At Google I/O, the company’s annual developer event in San Francisco, we got our first peek at the next version of Android today.
Android M finally makes it easy to control app permissions on a fine-grained basis; you can approve only the things you want just like in iOS.
Before today, users had to give apps blanket access to the permissions they wanted. Now, they’re able to disable particular permissions, like the microphone, if they don’t want to provide access.
Chrome custom tabs allows websites like Pinterest to add buttons (think the “Pin This” button) and menu items to the browser that makes a Chrome tab feel like an app. They are pre-fetched by the mobile app.
Android M also lets users pay with their fingerprint over NFC using Android Pay, which is a similar service to Apple Pay. Android Pay is an improved, second go at payments after Google Wallet failed to gain adoption.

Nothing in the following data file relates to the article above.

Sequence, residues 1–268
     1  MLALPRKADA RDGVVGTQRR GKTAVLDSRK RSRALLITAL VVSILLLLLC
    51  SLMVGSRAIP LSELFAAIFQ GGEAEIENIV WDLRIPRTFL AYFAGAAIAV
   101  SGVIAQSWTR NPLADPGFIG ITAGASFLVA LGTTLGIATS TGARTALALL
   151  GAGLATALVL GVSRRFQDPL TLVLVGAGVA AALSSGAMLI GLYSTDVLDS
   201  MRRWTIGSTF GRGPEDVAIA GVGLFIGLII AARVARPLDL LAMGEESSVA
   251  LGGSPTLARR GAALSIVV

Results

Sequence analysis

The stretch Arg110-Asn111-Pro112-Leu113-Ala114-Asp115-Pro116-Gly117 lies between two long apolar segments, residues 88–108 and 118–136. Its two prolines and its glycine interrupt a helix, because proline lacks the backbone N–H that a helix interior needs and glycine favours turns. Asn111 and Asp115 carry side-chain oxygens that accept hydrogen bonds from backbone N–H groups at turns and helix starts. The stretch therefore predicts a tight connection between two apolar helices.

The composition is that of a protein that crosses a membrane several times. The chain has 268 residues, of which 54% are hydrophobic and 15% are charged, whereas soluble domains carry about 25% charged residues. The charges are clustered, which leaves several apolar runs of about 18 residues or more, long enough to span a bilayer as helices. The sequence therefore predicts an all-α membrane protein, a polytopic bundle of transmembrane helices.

Google is co-operating with a number of cellphone providers including AT&T, Verizon, T-Mobile and more, who will pre-load Android Pay on their Android devices.
The OS also focuses on performance improvements, specifically those that improve battery life. Android can now go into a “dozing” state that detects if the device is moving and goes into a low power state if left unattended for a while.
Over time, Android M will “exponentially” restrict background activity to ensure longer battery life.
Google is also adopting USB-C for Android charging. Google said that devices will charge 3 times faster with USB-C and means you can can charge other devices from your tablet or smartphone.
One other big change is deep app links which make it easy for developers to link between apps. Android M allows users to be pushed into any screen of an app without a prompt.
There will be “hundreds” of other improvements in Android M, including simplified volume controls.
Android M will be available to users in Q3 2015, however you can download it and start building your apps now. There are also system images available for Nexus 5, Nexus 6, Nexus 9, and Nexus Player devices.